Portland Head Lighthouse, Photo credit: Anthony Quintano

Finally, make your way to Bar Harbor, a lively coastal town and host to Acadia National Park. Drive the 27-mile Park Loop Road, making stops at Sand Beach, Jordan Pond House, and Cadillac Mountain for stunning 360°-views of the harbor. You’ll want to spend some time exploring the crisscrossing carriage roads established by John D. Rockefeller, Jr., who worked with architects and masons to ensure the infrastructure played in harmony with the landscape. Where sea and mountains meet, Acadia’s natural beauty makes it one of the most visited national parks.

View from Cadillac Mountain, photo credit: walknboston

 

What other coastal Maine towns would you include?

Places

Ogunquit

Ogunquit, ME, United States

Places

Two Lights State Park

Two Lights State Park, Tower Drive, Cape Elizabeth, ME, United States

Places

Bar Harbor

Bar Harbor, ME, United States

Places

Acadia National Park

Acadia National Park, ME, United States

Places

Portland Head Lighthouse

Portland Head Light, Cape Elizabeth, ME, United States

Ogunquit

Ogunquit, ME, United States
http://www.ogunquit.org/

Two Lights State Park

Two Lights State Park, Tower Drive, Cape Elizabeth, ME, United States
http://visitmaine.com/organization/two-lights-state-park/?uid=vtm80A5A66E87D5818FC

Acadia National Park

Acadia National Park, ME, United States
http://www.nps.gov/acad/index.htm

Portland Head Lighthouse

Portland Head Light, Cape Elizabeth, ME, United States
http://www.portlandheadlight.com/

Off-Roading in Sedona with Pink Jeep Tours

Soaking up the scenery on the Pink Jeep Tour.
Soaking up the scenery on the Pink Jeep Tour.

Doug beamed with pride as we reached the summit of our first viewpoint, Sedona red rocks towering above us in every direction. “And this is the view from my office!”

Enjoying the view from Submarine Rock.

Enjoying the view from Submarine Rock.

It’s hard not to be excited about your job when you are completely surrounded by immense beauty such as this—and fresh perspectives from tourists each day to make sure you never stop appreciating how lucky you are to enjoy the view.

Doug grew up on the Broken Arrow Trail. He knows every curve of it—every bump in the road. He can drive it in reverse (and yes, he’s done it!)—but he has yet to test the theory that he can do it in his sleep. It’s home for Doug. Each day, an adrenaline rush as he takes people on an off-roading adventure they won’t soon forget.

Soaking up the scenery on the Pink Jeep Tour.

Soaking up the scenery on the Pink Jeep Tour.

I first heard about Pink Jeep Tours when our friends at The Constant Rambler visited Sedona and took one of the tours. It sounded awesome, and I knew it would be a highlight of our visit to the area. But I’ll admit, I was a little skeptical of their tagline: “You Gotta Do It!” Having spent a handful of years working in tourism marketing, I equated this generic—and a tad presumptuous—phrase to the dreaded “there’s something for everyone!” But now, having experienced this for myself, I can whole-heartedly say that when it comes to Pink Jeep Tours, you really “gotta do it!”

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You can’t drive down a road in Sedona without seeing an open-air Pink Jeep loaded with happy passengers off on their adventure. For more than 50 years, Pink Jeep Tours has been showing people the very best of the history, nature, geology, and, of course, the stunning vistas of the Southwest. In fact, when the company was founded in Sedona in 1960, it became the first Jeep tour operator in the United States. Today, Pink Jeep Tours sees more than 300,000 guests each year, and offers lots of tour options in Sedona, Las Vegas, Scottsdale, and the Grand Canyon.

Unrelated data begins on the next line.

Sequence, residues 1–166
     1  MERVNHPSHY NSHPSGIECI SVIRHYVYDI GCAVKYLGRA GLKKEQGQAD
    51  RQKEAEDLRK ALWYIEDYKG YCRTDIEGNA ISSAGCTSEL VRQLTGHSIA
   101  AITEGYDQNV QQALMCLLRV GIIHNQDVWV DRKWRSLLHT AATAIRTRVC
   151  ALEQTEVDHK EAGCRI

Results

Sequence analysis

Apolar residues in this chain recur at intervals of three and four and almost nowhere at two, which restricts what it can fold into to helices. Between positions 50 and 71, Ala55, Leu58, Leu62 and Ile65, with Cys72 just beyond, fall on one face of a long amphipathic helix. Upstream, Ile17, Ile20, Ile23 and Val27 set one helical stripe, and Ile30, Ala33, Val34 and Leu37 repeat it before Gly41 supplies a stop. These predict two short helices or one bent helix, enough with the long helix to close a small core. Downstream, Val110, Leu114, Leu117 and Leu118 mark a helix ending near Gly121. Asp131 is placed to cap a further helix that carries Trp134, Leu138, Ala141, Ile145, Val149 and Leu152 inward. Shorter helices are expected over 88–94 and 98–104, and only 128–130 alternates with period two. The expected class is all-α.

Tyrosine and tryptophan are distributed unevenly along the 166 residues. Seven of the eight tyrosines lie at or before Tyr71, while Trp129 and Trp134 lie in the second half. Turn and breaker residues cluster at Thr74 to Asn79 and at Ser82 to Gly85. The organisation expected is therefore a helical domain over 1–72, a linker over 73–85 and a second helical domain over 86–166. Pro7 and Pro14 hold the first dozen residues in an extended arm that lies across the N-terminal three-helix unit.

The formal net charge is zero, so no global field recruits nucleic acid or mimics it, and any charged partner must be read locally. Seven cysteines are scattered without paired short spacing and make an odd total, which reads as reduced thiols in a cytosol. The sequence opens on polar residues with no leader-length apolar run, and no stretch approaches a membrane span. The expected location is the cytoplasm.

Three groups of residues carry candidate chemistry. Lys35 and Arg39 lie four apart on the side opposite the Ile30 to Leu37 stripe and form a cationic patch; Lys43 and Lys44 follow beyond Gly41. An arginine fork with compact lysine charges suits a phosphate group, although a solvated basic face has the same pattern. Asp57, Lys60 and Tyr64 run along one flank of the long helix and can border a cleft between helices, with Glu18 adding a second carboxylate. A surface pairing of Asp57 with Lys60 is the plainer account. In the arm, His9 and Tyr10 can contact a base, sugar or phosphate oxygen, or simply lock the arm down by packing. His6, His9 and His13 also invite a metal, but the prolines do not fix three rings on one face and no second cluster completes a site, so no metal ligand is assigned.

And don’t be fooled by the hue of these Jeeps. They mean business! Designed for “rock crawling,” they are custom made to traverse the rocky landscape of this trail—even going down a 45° angle at one point in the tour! But why pink, you wonder? During a visit to Hawaii, Pink Jeep’s founder was struck by the Royal Hawaiian Hotel’s choice of color—which permeated everything from the building to the staff uniforms. Pink isn’t a color you’d expect to see in that context—and it’s not a color you forget once you’ve seen it. Soon, pink became the signature color of Sedona’s favorite tour company.

Broken Arrow Trail was the first—and is still the most beloved—tour offered by Pink Jeep Tours. If you want an authentic, down-and-dirty, off-roading experience, this is the tour for you! While there is definitely a lot of action during this 2-hour tour, there is also plenty of time to get out and enjoy the crazy stunning views that greet you in every direction. Highlights of the tour include stops at Submarine Rock and Chicken Point, driving on top of some red rocks—something only Pink Jeep Tours is allowed to do—and taking one perilous journey down the Road of No Return.

The Road of No Return

The Road of No Return

During your trip to Sedona, do yourself a favor and take a Pink Jeep Tour. It’s a unique way to explore those famed red rocks, and your tour guide will take your on an adventure that’s sure to be a highlight of your trip. If your guide is anything like Doug, they know how lucky they are to get to explore the back roads of some of the most beautiful country every single day—and they are excited to share it with you.

Me and Doug

Me and Doug

Climb aboard and hold on tight! It’s going to be a bumpy, beautiful ride!

What to know if you go

The Broken Arrow Trail takes 2 hours and costs $95 per adult ($71.25 per child, 12 years and under). Make sure to reserve your seat in advance!

 

 

Places

Pink Jeep Tours

Pink Jeep Tours - Sedona, AZ, State Route 89A, Sedona, AZ, United States
(800) 873-3662

Pink Jeep Tours

Pink Jeep Tours - Sedona, AZ, State Route 89A, Sedona, AZ, United States
(800) 873-3662
https://www.pinkjeeptourssedona.com/